Your results may vary: Unintended consequences for Republicans

This is surely not SCOTUSblog, but let’s look at two significant court rulings from yesterday:

In both cases, Republicans claimed that their position was the prudent one, noting the deadline crunch in the census case and ballot security issues in the drop-off location case. Opponents claimed that Republicans were trying to restrict the electoral power of minorities, particularly those of Hispanic heritage, by deliberately undercounting them in the census (which could result in states losing seats in Congress, among other issues) and making it more difficult for them to cast their votes.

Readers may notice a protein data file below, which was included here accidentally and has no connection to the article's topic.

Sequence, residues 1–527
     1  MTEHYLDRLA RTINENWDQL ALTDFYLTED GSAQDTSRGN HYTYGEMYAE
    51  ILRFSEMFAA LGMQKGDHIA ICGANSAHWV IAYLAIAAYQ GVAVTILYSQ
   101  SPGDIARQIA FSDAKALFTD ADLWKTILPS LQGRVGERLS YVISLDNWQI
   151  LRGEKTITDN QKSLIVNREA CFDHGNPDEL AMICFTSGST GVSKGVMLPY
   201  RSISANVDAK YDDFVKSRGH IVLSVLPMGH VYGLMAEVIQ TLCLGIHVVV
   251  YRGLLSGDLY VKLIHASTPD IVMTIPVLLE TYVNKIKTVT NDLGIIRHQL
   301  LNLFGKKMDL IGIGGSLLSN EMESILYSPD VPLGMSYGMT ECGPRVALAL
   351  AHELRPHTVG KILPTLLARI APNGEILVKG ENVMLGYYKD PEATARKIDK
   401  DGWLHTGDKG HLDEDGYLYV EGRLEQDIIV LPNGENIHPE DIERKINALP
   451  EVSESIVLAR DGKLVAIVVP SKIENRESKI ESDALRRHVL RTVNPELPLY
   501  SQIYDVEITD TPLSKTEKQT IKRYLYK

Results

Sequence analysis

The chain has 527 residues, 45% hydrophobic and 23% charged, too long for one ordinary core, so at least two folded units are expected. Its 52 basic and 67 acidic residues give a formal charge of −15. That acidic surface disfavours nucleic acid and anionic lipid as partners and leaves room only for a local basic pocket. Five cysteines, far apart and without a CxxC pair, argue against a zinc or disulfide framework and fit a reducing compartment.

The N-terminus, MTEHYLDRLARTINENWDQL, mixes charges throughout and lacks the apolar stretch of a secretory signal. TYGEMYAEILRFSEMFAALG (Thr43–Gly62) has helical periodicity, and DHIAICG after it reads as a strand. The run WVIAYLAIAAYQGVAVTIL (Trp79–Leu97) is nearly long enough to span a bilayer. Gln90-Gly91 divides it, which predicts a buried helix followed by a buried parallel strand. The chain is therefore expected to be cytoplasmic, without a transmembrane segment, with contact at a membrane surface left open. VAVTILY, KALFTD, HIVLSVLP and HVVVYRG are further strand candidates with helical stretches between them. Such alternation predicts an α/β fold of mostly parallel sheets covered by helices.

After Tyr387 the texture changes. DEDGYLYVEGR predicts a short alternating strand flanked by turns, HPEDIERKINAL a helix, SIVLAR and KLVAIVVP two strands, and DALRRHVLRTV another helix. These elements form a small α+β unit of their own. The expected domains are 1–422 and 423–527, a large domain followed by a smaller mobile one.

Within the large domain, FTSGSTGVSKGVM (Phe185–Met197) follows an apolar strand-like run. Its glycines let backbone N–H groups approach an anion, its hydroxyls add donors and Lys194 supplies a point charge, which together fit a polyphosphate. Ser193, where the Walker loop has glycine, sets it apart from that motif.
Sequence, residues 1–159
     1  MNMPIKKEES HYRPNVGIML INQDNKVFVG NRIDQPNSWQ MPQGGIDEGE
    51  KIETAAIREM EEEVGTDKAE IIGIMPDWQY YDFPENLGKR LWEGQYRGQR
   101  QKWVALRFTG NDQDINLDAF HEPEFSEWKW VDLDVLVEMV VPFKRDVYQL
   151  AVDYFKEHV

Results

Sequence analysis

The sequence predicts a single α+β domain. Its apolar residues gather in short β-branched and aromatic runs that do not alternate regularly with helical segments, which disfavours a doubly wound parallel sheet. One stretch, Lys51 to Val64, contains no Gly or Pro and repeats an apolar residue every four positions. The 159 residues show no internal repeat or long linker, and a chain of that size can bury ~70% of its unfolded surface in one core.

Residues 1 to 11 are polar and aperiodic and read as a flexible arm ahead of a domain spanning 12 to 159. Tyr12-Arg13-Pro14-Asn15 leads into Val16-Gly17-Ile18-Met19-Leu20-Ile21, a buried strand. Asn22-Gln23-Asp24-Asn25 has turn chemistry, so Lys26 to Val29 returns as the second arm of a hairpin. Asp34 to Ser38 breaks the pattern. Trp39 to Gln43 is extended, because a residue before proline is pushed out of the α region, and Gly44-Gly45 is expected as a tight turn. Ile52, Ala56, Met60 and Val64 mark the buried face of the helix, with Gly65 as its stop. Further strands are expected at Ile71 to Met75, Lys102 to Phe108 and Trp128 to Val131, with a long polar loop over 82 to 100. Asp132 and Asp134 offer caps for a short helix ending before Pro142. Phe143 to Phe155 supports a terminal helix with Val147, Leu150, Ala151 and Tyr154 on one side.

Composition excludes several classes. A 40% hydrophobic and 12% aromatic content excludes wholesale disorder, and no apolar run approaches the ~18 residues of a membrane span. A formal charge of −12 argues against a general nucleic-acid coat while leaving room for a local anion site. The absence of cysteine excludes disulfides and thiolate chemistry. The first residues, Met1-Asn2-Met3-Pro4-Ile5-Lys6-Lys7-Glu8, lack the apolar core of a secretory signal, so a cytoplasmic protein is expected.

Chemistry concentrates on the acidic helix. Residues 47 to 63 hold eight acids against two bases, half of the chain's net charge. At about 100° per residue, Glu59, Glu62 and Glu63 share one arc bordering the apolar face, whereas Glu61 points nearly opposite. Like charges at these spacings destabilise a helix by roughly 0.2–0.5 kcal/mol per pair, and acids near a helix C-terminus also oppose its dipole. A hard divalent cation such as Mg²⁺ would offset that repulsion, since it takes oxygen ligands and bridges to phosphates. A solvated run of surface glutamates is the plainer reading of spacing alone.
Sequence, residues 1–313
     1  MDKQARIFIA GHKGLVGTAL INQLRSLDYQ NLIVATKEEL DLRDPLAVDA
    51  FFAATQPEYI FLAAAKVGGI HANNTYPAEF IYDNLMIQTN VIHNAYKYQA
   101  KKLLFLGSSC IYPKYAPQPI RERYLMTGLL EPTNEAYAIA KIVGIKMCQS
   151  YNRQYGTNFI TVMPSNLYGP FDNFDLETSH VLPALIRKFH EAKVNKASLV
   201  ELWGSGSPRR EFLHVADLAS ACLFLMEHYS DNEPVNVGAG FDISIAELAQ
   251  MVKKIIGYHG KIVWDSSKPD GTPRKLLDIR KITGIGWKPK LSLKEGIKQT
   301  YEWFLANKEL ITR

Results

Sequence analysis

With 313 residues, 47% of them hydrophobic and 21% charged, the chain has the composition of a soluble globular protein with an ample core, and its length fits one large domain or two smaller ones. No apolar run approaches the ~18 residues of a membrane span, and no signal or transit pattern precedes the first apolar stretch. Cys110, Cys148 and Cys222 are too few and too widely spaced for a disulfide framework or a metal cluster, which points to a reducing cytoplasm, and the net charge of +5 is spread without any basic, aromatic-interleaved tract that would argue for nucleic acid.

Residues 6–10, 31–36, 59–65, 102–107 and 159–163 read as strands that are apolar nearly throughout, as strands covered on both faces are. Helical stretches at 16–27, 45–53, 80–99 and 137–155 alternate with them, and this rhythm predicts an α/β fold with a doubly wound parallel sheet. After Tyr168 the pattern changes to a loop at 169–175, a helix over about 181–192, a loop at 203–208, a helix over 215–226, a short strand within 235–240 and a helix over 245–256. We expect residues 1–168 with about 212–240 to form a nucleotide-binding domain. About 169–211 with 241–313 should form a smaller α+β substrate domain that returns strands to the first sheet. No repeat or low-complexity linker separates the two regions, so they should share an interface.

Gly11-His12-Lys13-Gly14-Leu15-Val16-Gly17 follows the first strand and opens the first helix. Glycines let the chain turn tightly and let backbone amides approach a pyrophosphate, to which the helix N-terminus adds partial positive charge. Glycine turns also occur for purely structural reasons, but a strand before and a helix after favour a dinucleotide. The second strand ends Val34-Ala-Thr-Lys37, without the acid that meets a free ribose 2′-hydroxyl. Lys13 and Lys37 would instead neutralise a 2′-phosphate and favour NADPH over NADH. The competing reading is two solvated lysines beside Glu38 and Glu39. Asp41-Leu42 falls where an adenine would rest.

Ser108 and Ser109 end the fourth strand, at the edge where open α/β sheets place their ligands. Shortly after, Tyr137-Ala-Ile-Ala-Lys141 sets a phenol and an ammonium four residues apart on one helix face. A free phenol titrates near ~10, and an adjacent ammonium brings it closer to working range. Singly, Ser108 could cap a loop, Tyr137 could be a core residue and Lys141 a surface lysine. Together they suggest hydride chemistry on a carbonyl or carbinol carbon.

Blue Arizona, Georgia and Florida toss-ups, Texas only “leaning red”… what planet are we on?

The University of Virginia’s Center for Politics publishes regularly updated predictions on nearly every national and state election race of significance. Their web-based newsletter, Sabato’s Crystal Ball, is named for the center’s director, Larry J. Sabato, and they have an impressive track record of predicting the outcomes of elections going back to 2004 (though they’d prefer not to talk about 2016).

Still, one year ago, could you have imagined an Electoral College map that looks like this one?

Electoral College map showing predictions for the 2020 Presidential Election, done by Sabato's Crystal Ball.